Guardian for Your Children
Who Should You Pick To Be The Guardian of Your Minor Children?
This is a very personal decision, which gives many people anxiety; who should care for your children in your place if you should die? You know your children better than anyone, and you have your own parenting style and philosophy. Here are some thoughts that might help guide you as you make this difficult (but necessary!) decision.
Is the Guardian Willing and Able to Serve? Are they single and incredibly busy? Are they happily married? Do they have children of their own? Are they happy with their career or on the verge of retirement? Are they planning on moving to another State?
What is the Guardian’s Age and Health? Your Mom and Dad might be awesome grandparents, but can they take care of a 5-year old on a full time basis? What about your sibling or best friend who already has children...can he/she take on the responsibility of another child?
Will the Guardian Have the Money to Raise Your Children? Can the Guardian absorb the additional costs? Can you set up a trust to pay for the extra costs?
Where Would Your Child Attend School? Are you happy with the school district in which your selected guardian currently lives? Have you thought about putting your hopes/standards pertaining to your child's schooling in a separate document to be included with your estate plan?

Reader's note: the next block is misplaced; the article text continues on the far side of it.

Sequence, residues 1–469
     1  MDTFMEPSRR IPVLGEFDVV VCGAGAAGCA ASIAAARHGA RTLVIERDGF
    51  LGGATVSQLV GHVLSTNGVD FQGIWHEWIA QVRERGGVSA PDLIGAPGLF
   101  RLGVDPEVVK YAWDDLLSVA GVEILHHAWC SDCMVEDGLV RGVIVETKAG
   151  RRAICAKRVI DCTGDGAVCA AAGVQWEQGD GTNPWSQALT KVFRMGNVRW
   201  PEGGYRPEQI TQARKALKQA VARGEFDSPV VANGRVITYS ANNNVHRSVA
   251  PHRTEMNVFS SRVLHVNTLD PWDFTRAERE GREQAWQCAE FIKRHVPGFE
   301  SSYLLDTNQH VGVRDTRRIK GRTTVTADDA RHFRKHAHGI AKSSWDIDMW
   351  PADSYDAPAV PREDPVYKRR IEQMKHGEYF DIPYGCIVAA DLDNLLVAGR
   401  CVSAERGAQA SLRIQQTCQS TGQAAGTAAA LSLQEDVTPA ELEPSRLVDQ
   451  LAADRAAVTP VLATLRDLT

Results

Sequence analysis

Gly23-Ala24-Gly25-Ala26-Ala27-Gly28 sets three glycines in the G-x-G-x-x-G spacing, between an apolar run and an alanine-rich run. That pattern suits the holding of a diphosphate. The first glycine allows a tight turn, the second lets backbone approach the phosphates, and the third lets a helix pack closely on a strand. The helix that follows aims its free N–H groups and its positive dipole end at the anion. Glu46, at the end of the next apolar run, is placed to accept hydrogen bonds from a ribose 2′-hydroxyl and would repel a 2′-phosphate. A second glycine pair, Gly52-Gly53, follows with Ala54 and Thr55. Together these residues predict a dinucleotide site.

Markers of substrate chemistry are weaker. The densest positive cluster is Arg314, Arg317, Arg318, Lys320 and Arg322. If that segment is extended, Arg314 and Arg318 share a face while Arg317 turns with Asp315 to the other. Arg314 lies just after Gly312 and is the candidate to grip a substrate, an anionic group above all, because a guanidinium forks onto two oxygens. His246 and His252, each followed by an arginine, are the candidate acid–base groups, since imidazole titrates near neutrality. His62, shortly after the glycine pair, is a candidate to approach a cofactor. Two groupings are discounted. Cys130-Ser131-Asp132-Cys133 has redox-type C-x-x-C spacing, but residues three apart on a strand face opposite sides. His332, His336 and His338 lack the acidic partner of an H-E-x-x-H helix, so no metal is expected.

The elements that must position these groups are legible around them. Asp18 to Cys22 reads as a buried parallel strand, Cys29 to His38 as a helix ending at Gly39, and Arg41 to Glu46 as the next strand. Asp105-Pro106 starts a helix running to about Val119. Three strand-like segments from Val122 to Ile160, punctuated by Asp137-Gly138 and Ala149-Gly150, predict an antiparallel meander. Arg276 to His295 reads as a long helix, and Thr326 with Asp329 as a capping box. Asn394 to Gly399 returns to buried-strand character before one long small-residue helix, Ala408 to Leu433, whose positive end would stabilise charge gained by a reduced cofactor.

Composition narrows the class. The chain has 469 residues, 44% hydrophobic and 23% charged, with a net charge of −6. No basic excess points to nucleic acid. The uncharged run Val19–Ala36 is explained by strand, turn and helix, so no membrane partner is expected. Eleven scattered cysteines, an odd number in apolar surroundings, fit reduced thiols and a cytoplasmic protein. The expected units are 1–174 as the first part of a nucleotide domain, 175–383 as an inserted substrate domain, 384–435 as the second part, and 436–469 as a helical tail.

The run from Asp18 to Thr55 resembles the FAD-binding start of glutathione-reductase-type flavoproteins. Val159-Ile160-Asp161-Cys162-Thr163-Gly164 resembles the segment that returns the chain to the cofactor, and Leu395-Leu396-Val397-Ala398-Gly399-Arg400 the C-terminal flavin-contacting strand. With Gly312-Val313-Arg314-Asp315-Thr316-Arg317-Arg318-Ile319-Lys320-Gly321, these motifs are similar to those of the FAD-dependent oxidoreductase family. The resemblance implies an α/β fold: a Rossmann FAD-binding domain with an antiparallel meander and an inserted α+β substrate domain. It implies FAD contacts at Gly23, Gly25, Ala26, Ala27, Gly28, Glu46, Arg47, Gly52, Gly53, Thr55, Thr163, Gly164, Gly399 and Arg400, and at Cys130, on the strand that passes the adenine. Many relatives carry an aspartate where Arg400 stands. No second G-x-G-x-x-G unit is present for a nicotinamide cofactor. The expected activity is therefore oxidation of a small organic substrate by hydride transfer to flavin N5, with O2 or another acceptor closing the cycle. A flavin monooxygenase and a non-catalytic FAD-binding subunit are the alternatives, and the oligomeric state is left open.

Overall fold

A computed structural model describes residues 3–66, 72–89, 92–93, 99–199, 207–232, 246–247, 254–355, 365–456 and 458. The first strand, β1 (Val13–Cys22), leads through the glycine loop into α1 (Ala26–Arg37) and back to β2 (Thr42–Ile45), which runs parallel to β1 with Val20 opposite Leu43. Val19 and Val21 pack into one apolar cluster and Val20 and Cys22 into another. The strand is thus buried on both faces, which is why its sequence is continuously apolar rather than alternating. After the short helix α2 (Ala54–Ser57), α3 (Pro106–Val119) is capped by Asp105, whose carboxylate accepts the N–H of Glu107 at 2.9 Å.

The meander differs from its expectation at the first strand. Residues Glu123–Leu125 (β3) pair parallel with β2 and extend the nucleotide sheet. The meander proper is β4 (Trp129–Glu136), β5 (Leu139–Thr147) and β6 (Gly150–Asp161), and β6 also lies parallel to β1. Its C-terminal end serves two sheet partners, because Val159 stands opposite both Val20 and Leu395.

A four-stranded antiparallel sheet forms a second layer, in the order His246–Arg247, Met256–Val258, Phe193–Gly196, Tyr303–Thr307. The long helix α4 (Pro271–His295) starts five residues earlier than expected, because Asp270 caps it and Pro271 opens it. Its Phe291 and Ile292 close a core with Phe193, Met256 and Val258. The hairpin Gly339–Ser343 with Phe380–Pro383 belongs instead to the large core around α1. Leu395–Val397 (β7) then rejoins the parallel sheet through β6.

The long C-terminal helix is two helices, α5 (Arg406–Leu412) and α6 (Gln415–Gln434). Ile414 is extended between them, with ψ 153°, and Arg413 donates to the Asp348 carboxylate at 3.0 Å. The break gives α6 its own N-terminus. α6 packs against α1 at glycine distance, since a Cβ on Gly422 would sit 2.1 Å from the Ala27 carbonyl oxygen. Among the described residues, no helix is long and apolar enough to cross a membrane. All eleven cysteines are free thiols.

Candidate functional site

Does the Guardian Have the Right Temperament? Does your child have special needs (i.e., ADD, Learning Disabilities, Emotional Imbalances, Physical Disabilities)? Keep these in mind when selecting the Guardian. Those needs will factor into whether the Guardian should have a laid back personality or be more inclined to live a structured life.
Will the Potential Guardian Respect Your Religious and Moral Beliefs?
The choice of a Guardian is an important part of your estate plan. No one can replace you, but there may be someone you know and care about that will care for your child(ren) in the same type of loving environment that you are currently providing. After deliberation, the right choice will likely present her/himself. (You are better suited to make this decision than a judge who has never spent time with your child(ren). If you don't make the decision now, the judge will be forced to do it for you after you die.)
Our estate plans are drafted to include guardianship provisions for minor children. We will advise you on the best way to protect funds that your children will inherit, as well as guide you through the process of selecting a guardian.
Call us at (386) 281-5777 or send me an email at Elan.Kaney@KaneyLaw.com to set up a complimentary consultation.